In conjunction with the Women in Journalism study into media representation of women for newspapers, Kira Cochrane at The Guardian also investigated the representation of women in TV and radio.  It is ironic that The Guardian decided to print this article in the “Life & Style: Women” section of their website.

During that four-week period, I also logged the gender of reporters and guests on the Today programme. (All the shows I looked at, including Today, were on the BBC, which reflects the agenda-setting nature of the corporation.) It is well-recognised that the main roster of Today programme presenters is male-dominated – John Humphrys, James Naughtie, Evan Davis and Justin Webb, with Sarah Montague the only woman. But I wondered whether this 80/20 split spilled over to its other contributors.

Using the breakdown of each morning’s programme, published on the BBC website, and discounting the lead presenters, I added up the number of reporters and guests who appeared on each episode – counting each reporter only once if they were, for instance, appearing repeatedly on a single show to relay the business or sports news. On Tuesday 5 July you had to wait from 6.15am until 8.20am to hear the one female contributor who appeared alongside the 27 male contributors on the programme: arts correspondent Rebecca Jones talking about the Hampton Court Palace flower show. Overall, across the month, discounting the main presenters, Today had 83.5% male contributors and 16.5% female ones.

I spoke to the editor of the Today programme, Ceri Thomas, on Friday 11 November – a day when only two female contributors appeared on the programme. The day before there had been just one. I asked if there was a strong enough female presence on the show at the moment. “I think nearly every day there is not,” he said. “And within the programme it’s a very active discussion. And not just a discussion – it’s pursued actively, too. Every producer on the programme is aware we’re trying to increase the representation of women on air. People such as the planning editor, who is in a position to do a bit more about it, have it as a specific objective.” He adds that the show’s listenership is about 50/50 men and women, “and I’m bound to say to you, it almost never comes up as an issue from the audience … I suppose it might be two letters a year, or something of that nature.” He makes this last point, in different words, three times in our 10-minute conversation.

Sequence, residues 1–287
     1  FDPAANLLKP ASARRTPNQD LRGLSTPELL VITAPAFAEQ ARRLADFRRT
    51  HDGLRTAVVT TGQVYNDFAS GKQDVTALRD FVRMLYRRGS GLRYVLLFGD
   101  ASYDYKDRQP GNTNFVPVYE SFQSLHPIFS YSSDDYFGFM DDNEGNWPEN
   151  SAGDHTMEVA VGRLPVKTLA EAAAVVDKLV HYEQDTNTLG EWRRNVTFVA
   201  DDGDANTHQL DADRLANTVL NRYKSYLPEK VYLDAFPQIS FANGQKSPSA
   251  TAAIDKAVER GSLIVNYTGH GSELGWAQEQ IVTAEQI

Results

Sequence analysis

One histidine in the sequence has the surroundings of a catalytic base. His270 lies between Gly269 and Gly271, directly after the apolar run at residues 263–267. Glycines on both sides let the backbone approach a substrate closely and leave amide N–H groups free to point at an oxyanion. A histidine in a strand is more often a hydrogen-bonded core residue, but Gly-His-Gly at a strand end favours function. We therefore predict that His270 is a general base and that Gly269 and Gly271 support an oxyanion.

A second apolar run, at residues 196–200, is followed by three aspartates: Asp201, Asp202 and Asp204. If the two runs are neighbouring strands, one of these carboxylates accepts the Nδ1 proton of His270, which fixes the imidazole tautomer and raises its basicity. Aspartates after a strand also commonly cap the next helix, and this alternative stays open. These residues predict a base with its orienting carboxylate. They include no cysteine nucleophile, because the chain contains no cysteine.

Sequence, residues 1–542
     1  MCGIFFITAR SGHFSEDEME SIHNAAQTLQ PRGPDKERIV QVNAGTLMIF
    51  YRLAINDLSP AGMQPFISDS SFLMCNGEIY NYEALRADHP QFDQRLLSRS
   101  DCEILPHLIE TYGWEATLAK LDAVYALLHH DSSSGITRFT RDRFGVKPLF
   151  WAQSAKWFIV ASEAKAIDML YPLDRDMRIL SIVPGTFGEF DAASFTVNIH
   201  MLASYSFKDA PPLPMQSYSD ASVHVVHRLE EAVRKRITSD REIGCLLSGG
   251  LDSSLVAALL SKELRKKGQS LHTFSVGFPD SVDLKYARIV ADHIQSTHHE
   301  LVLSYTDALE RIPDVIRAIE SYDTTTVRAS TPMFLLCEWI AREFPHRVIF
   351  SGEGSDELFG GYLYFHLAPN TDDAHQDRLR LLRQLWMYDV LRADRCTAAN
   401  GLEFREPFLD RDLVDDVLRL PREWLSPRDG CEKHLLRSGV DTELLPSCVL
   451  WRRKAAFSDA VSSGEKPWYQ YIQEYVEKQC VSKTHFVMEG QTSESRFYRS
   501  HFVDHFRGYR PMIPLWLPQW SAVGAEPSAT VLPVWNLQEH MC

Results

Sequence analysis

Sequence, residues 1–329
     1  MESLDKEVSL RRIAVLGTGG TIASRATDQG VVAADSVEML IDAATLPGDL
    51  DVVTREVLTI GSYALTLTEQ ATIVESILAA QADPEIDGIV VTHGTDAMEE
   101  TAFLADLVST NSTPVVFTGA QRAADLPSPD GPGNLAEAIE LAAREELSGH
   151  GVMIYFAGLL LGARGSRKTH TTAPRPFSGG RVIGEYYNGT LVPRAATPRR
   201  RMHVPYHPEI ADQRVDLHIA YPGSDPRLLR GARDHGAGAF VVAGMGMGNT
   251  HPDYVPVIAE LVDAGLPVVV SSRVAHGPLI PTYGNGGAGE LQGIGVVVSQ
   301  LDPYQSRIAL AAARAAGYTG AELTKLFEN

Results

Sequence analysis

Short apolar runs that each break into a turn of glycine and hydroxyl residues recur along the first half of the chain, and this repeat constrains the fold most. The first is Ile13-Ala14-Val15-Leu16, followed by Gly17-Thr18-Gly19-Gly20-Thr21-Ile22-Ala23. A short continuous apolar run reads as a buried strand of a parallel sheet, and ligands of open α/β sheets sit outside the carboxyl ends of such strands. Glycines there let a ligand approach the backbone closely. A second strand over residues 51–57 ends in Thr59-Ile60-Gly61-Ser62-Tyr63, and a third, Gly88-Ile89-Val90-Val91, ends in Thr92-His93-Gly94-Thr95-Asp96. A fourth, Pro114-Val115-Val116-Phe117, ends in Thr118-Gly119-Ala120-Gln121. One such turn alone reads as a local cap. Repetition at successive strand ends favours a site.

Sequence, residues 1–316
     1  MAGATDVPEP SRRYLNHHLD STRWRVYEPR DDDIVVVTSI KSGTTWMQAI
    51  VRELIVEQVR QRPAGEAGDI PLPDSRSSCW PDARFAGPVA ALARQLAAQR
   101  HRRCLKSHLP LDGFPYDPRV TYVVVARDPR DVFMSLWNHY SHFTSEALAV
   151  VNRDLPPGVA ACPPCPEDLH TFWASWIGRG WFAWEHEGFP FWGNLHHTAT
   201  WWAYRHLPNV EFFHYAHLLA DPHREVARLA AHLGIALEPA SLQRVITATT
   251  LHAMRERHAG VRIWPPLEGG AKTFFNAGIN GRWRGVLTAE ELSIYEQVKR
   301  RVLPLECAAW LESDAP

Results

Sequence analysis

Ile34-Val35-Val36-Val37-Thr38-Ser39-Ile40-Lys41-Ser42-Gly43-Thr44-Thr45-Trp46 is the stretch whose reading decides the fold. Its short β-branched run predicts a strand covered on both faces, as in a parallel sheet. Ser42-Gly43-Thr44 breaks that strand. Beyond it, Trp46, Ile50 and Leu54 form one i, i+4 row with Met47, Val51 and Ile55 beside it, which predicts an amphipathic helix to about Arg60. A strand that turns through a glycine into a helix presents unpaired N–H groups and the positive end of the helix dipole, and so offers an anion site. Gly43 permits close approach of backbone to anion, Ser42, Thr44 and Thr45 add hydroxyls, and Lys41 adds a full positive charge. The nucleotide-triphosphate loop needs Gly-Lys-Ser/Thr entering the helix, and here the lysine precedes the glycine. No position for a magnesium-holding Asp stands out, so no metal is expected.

The analysis I did of every Question Time episode this year, up until 3 November, found that, including David Dimbleby, the show featured 71.5% male contributors and 28.5% female contributors. If you exclude the presenter from that count, it was 66% male contributors, 34% female. There were 13 programmes out of 34 that featured only one female panellist. There were no programmes in that period that featured only one male panellist – all had at least two.

I also did an analysis of every episode of the current affairs radio programme Any Questions?, presented by Dimbleby’s brother Jonathan, from the start of the year to 4 November. In that case, including Dimbleby himself in the count, the contributors to the show were 70% male, 30% female – excluding the presenter, 63% male, 37% female. Across all these examples, women’s representation never tended to reach much more than a third. It reminded me of a conversation I had with Dr Katherine Rake a few years ago when she was leading the women’s rights campaign the Fawcett Society. She told me: “The number of women at the top often hovers around a third, and then stalls.” Once women reach that level of visibility, she suspected, there was a feeling they were everywhere, and their presence was becoming a bit too dominant.